D. J. Bernstein
UNIX kernel designers should provide
sys/nonblock.h with nonblock_read() and nonblock_write()
syscalls that don't block (and that don't generate SIGPIPE).
Adding nonblock_read() and nonblock_write()
would save a considerable amount of time and effort
in typical select/poll libraries such as my
It would eliminate bugs in quite a few programs
that don't go to the same amount of effort.
Here are the alternatives to nonblock_read() and nonblock_write():
- O_NONBLOCK (aka O_NDELAY)
at the beginning of the program.
The problem with O_NONBLOCK is that it's too heavy:
it hits an entire ofile, not just an fd.
suppose I set O_NONBLOCK on a pty on stdout,
and another program has the same stdout.
That other program then has O_NONBLOCK set too.
Many programs can't handle O_NONBLOCK and will break horribly
in this situation.
- O_NONBLOCK immediately before the operation,
and turn it off immediately after.
This is clumsy, and fails horribly if more than one program is active at once.
- An imaginary per-fd (rather than per-ofile) version of O_NONBLOCK.
This would work,
but it's clumsier than nonblock_read() and nonblock_write(),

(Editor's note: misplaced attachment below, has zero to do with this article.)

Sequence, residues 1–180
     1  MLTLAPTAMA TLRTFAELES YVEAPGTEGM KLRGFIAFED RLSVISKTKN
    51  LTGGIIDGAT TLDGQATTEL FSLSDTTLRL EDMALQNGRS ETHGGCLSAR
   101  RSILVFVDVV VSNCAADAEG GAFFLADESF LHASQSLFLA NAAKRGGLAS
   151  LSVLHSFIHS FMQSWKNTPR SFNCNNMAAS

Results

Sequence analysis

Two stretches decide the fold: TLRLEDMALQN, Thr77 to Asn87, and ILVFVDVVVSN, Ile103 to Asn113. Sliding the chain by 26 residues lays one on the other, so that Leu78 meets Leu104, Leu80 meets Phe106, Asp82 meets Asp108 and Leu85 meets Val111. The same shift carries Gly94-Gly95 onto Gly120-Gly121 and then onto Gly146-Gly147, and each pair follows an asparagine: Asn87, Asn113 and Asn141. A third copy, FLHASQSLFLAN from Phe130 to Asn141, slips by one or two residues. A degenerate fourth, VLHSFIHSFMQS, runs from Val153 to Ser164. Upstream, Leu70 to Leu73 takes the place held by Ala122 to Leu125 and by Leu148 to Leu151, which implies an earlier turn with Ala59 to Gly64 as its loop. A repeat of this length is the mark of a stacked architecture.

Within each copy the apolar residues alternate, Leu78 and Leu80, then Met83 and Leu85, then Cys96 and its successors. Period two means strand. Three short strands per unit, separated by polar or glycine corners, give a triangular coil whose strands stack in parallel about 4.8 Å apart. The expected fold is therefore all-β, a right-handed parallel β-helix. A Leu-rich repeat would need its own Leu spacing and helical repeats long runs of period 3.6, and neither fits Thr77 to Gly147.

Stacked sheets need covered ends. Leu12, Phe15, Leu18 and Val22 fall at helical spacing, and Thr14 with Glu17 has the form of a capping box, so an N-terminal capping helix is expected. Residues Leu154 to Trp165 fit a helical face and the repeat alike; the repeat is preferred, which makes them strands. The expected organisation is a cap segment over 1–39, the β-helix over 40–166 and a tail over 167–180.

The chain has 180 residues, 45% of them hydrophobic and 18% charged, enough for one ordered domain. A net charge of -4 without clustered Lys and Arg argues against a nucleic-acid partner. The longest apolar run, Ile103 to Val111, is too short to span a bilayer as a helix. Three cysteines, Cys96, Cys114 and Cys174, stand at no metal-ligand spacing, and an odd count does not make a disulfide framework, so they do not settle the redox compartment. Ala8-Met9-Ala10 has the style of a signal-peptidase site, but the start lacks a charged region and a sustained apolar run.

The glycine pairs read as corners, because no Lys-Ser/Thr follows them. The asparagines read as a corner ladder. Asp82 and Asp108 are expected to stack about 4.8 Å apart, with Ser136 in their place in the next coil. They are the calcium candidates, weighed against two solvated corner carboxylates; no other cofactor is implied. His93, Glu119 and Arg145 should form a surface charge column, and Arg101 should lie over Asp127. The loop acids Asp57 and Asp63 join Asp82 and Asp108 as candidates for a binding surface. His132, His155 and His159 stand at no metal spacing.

and there are no benefits to the indirection.
This isn't portable, and it works only for sockets.
- Checking readability a moment before the operation.
This is popular,
but can fail horribly if more than one program is active at once.
For example, after select() says a pipe is writable,
a program that tries writing to the pipe might nevertheless block,
because the pipe was filled by another program after select() returned.
- Interval timers that interrupt blocking calls every 10 milliseconds.
This works (aside from the 10-millisecond delay),
at least in programs that don't use SIGALRM for anything else,
but it's clumsy.
Here's what I'm doing now:
I'd much rather just call nonblock_read() or nonblock_write().
- Call read() or write() without further ado
if the descriptor was originally provided in O_NONBLOCK mode
or refers to a regular file.
(Of course, it's possible that somebody subsequently turned O_NONBLOCK off;
every program relying on O_NONBLOCK is taking this risk.)
- Use poll(), if it's available and functioning,
to check whether the descriptor is ready.
- Set an interval timer.
- Call read() or write().
- Turn the interval timer off.